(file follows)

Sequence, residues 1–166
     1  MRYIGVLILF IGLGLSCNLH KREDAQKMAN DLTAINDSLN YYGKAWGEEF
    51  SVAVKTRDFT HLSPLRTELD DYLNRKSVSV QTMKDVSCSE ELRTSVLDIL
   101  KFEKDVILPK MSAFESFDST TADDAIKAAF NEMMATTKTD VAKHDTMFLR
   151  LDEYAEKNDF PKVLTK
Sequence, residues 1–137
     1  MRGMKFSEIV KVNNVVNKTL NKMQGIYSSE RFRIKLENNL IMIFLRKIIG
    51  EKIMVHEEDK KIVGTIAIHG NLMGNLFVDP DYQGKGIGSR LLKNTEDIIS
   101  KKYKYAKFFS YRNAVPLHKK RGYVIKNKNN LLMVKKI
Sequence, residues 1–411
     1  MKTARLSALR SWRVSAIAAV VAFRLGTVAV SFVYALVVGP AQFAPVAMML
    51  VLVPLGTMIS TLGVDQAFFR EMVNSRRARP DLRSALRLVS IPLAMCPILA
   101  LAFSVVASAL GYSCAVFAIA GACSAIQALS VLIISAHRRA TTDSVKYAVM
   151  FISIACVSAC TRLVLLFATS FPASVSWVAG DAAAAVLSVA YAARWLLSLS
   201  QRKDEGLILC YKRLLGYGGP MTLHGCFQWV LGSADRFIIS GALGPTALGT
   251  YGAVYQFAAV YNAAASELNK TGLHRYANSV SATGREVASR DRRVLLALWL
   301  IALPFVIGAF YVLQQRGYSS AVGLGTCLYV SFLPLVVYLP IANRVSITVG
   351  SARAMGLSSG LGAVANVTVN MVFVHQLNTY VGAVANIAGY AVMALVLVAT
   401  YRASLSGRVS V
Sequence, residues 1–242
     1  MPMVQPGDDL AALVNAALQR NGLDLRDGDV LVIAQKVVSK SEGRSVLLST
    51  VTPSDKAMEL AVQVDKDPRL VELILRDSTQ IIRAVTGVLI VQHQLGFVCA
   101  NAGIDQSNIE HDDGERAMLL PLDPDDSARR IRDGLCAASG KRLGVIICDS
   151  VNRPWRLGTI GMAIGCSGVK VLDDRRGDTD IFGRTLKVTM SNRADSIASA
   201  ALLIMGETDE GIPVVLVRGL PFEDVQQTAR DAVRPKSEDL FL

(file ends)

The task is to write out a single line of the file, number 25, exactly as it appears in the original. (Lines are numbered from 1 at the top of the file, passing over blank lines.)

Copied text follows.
   201  ALLIMGETDE GIPVVLVRGL PFEDVQQTAR DAVRPKSEDL FL